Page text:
Three days earlier, Iraqi President Saddam Hussein had indicated that he would not destroy the weapons.

Scheduled for destruction are all missiles and warheads, SA-2 missile engines, machinery to produce missile motors, fuel, launchers, testing equipment, components and all software and documentation about the Al Samoud program.

White House spokesman Ari Fleischer on Friday dismissed Iraq's missile announcement, saying, "this is the deception the president predicted," adding that the United Nations believes Iraq is actually still manufacturing the missiles.

"The discussion about these rockets is part of [Saddam's] campaign of deception," President Bush said Thursday. "See, he'll say, 'I'm not going to destroy the rockets,' and then he'll have a change of mind this weekend and destroy the rockets and say, 'I've disarmed.'"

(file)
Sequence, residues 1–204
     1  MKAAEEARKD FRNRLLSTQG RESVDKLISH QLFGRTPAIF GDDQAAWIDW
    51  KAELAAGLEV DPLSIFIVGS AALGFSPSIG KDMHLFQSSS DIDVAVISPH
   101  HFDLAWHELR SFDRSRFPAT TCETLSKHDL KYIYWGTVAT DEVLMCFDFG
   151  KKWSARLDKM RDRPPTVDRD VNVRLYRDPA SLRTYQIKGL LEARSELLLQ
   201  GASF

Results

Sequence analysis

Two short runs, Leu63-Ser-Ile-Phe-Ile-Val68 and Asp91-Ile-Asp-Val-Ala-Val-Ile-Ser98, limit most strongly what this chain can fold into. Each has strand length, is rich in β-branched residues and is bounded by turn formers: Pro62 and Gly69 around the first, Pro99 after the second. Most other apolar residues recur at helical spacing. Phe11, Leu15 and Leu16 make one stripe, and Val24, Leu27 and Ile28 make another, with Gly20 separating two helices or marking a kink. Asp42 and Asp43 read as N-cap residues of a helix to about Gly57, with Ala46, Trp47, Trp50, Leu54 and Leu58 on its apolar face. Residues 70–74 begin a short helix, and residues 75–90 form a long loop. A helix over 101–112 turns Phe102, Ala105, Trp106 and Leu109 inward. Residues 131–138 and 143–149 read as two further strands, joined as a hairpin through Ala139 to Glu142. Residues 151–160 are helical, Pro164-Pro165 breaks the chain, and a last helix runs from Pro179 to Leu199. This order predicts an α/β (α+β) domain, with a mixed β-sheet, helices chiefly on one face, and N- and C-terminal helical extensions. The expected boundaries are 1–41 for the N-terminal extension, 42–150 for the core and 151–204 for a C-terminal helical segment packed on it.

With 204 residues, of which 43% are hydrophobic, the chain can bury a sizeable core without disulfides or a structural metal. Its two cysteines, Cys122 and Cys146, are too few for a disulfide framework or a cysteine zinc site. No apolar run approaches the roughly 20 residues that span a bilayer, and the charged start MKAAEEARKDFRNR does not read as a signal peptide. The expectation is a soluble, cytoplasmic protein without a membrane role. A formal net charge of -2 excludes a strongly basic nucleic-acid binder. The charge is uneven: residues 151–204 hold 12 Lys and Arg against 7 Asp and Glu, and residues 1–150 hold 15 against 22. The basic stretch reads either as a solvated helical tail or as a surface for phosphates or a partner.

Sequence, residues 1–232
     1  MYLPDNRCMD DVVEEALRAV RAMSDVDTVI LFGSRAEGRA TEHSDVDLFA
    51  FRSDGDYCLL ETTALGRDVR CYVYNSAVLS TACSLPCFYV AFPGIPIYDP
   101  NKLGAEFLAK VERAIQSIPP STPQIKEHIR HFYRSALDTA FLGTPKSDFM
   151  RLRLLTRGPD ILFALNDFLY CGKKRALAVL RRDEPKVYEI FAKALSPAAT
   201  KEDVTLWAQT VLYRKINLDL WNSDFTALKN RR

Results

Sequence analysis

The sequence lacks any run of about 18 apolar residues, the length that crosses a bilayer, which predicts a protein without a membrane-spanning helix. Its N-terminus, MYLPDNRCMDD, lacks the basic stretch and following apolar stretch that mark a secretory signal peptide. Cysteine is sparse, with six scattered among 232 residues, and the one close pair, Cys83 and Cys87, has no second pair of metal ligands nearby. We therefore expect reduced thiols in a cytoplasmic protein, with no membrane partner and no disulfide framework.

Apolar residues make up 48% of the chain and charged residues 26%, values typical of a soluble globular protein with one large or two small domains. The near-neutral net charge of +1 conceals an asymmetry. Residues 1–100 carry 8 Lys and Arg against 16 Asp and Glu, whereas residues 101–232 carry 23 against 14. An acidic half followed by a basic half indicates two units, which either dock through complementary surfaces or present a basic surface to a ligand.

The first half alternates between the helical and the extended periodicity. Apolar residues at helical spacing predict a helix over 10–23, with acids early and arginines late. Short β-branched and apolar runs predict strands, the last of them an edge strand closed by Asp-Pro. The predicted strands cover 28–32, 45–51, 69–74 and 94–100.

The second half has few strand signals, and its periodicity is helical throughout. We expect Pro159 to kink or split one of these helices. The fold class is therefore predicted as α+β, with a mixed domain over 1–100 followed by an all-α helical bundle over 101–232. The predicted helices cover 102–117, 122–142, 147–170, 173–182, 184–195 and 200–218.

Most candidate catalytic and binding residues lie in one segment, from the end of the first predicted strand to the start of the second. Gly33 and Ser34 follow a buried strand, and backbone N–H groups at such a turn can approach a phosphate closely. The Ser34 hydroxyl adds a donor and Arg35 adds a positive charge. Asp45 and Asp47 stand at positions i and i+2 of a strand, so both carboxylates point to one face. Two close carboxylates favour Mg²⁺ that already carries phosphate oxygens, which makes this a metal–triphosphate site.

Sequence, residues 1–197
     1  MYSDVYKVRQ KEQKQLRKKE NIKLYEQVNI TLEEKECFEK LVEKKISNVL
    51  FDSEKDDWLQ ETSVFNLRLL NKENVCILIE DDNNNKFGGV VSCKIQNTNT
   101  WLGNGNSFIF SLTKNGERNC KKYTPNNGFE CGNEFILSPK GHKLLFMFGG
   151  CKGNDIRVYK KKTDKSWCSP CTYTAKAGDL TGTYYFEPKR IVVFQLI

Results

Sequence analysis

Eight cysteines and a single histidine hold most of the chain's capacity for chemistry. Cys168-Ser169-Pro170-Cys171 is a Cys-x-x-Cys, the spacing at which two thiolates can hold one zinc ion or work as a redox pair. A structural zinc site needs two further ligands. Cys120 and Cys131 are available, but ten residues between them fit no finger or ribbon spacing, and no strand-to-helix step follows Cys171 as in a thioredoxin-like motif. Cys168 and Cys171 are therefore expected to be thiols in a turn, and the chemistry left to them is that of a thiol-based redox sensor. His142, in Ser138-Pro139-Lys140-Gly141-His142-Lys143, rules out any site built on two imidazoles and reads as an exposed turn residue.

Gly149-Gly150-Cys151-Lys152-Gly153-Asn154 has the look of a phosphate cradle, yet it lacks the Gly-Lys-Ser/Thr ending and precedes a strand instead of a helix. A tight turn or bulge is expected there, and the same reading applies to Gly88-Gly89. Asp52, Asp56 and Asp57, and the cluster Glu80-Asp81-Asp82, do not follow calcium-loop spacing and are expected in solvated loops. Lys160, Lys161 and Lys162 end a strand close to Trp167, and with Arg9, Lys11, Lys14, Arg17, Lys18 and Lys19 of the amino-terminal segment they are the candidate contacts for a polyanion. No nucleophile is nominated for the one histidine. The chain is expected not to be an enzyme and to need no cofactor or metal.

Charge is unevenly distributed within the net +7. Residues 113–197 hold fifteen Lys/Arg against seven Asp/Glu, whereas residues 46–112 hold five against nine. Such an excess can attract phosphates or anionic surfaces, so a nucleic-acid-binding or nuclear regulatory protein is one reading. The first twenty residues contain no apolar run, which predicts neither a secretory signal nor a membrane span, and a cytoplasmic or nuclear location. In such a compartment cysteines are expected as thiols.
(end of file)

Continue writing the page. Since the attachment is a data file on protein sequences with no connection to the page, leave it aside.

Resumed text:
Secretary of State Colin Powell said Thursday the missile pledge may end up being another Iraqi broken promise.

"I think it's just more indication of the reality that we have been trying to convey to the world," Powell said, "that Saddam Hussein is trying to string it out, trying to divert attention, trying to pretend he is cooperating when he is not cooperating, try[ing] to use process as an excuse for not cooperating and not complying with the will of the international community."

Iraq has argued that some of the missiles overshot the 150-kilometer limit because they were tested without warheads or guidance systems, which would have added weight and decreased operational range.

At the United Nations, diplomats said the lack of consensus and tone of the debate Thursday were demoralizing, but many hoped for compromise among the council's five veto-holding permanent members.

Chinese Ambassador Wang Yingfan hoped for a compromise "but I could see it's very difficult."

A senior U.S. diplomat hinted there may be some wiggle room.